Many today warn us–yes, grace and gratitude is one complex of motives, but don’t forget to balance that with other motives

Do we address the people in church as if they have been believing some form of the gospel all along? “Close as in horseshoes”? Or do we say—some or all of you may need to be reconciled. Nobody is born reconciled. Let’s not presume. Let’s not beg the question.

Jerry Bridges, p 34, Transforming Grace—“if you are trusting TO ANY DEGREE in your own morality, or if you believe that God will somehow recognize any of your good works as a reason for your salvation, you need to seriously consider if you are truly a Christian.”

Not all Disagreement about what the Law Says is Legalism

February 22, 2012

Most commentators on Philippians 3:18-19 focus on the word “belly” and assume that it means greed, not only the desire for too much food but the lust for money and sinful pleasures. They do not connect “belly” to the desire to have one’s own righteousness from the law, even though that has been the topic of paragraphs just before. But the lust of the flesh is subtle.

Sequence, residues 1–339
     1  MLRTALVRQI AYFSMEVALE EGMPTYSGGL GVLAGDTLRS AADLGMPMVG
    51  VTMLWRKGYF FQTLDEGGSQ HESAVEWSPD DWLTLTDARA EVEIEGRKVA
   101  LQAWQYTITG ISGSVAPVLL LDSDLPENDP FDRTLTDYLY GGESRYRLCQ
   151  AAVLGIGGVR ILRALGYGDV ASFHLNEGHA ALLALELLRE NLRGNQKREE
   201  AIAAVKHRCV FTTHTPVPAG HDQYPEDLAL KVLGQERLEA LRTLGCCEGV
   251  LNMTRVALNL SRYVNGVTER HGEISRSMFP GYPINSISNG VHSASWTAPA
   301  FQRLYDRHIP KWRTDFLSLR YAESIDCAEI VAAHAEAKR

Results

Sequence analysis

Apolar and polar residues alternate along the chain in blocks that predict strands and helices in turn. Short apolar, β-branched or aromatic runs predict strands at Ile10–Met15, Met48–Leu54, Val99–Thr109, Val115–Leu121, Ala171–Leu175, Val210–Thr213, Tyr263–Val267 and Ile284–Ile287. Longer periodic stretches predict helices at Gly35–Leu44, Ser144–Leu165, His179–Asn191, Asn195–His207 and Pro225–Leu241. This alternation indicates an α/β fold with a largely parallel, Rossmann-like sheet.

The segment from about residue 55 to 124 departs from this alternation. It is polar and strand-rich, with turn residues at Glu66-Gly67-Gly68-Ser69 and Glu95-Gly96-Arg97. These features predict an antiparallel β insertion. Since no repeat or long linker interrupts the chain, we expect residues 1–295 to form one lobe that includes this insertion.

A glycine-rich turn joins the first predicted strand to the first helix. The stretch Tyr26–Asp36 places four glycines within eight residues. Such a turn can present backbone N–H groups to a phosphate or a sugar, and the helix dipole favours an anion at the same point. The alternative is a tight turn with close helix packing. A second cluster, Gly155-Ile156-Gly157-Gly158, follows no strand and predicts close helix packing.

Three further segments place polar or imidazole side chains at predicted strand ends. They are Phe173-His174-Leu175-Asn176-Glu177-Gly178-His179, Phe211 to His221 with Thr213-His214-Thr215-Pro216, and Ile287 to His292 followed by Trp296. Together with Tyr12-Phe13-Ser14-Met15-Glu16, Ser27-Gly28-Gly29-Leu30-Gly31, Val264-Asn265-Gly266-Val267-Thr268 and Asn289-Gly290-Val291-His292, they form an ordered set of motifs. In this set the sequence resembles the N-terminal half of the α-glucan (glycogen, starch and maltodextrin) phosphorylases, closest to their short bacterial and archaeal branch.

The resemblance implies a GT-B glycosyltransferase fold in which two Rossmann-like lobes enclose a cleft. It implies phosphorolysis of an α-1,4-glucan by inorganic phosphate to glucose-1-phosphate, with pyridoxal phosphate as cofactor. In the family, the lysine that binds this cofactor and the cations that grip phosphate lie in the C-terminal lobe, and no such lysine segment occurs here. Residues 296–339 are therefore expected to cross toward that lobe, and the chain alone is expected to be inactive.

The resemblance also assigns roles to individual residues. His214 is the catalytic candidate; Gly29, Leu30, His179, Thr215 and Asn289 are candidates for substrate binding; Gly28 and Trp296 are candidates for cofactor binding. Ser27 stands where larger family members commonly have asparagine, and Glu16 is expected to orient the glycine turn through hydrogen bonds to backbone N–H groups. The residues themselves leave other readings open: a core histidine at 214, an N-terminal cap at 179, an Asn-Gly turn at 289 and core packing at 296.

The trouble with “taste not touch not” is when people think that their tasting not and touching not brings them some blessing which the righteousness of Christ could not bring. There is nothing wrong with tasting not and touching not. Simply because we do not agree with another person about what God’s law teaches is no excuse to call that person a legalist.

But a person is a legalist, even if he has a right interpretation about what God’s law teaches, if that person thinks that his obeying that law brings him a blessing which the righteousness of Christ did not cause.

The law of God should not be blamed for legalism, even though God has predestined the abuse of the law. When a person thinks that his not tasting and his not touching brings him blessing, that person is not only a legalist but also an antinomian, because that person is thinking that God is satisfied with something less than perfect obedience and satisfaction of the law.